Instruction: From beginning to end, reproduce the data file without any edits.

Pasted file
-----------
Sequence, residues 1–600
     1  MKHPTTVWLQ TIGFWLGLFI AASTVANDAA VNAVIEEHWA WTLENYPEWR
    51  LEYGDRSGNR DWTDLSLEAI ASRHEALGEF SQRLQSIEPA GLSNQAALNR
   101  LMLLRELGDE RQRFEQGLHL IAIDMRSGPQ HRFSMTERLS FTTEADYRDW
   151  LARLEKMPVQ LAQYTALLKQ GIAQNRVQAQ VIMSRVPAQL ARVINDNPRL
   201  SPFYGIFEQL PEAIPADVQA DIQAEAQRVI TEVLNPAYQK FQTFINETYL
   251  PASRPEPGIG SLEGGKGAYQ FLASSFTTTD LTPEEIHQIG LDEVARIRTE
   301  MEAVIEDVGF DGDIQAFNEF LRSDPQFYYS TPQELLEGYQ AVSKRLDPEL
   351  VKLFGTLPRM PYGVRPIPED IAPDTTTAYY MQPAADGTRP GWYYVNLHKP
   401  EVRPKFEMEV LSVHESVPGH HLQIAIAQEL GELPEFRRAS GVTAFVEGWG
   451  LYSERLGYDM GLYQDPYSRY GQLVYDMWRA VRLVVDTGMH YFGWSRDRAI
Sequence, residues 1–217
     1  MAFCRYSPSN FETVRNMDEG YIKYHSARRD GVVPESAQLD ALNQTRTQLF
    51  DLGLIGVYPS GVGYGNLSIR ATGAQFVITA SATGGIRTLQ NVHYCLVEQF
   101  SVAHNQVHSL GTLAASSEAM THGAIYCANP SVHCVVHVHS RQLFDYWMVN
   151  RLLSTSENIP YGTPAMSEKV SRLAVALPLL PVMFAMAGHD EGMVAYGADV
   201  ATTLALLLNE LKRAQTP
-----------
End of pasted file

Sequence, residues 1–600
     1  MKHPTTVWLQ TIGFWLGLFI AASTVANDAA VNAVIEEHWA WTLENYPEWR
    51  LEYGDRSGNR DWTDLSLEAI ASRHEALGEF SQRLQSIEPA GLSNQAALNR
   101  LMLLRELGDE RQRFEQGLHL IAIDMRSGPQ HRFSMTERLS FTTEADYRDW
   151  LARLEKMPVQ LAQYTALLKQ GIAQNRVQAQ VIMSRVPAQL ARVINDNPRL
   201  SPFYGIFEQL PEAIPADVQA DIQAEAQRVI TEVLNPAYQK FQTFINETYL
   251  PASRPEPGIG SLEGGKGAYQ FLASSFTTTD LTPEEIHQIG LDEVARIRTE
   301  MEAVIEDVGF DGDIQAFNEF LRSDPQFYYS TPQELLEGYQ AVSKRLDPEL
   351  VKLFGTLPRM PYGVRPIPED IAPDTTTAYY MQPAADGTRP GWYYVNLHKP
   401  EVRPKFEMEV LSVHESVPGH HLQIAIAQEL GELPEFRRAS GVTAFVEGWG
   451  LYSERLGYDM GLYQDPYSRY GQLVYDMWRA VRLVVDTGMH YFGWSRDRAI
Sequence, residues 1–217
     1  MAFCRYSPSN FETVRNMDEG YIKYHSARRD GVVPESAQLD ALNQTRTQLF
    51  DLGLIGVYPS GVGYGNLSIR ATGAQFVITA SATGGIRTLQ NVHYCLVEQF
   101  SVAHNQVHSL GTLAASSEAM THGAIYCANP SVHCVVHVHS RQLFDYWMVN
   151  RLLSTSENIP YGTPAMSEKV SRLAVALPLL PVMFAMAGHD EGMVAYGADV
   201  ATTLALLLNE LKRAQTP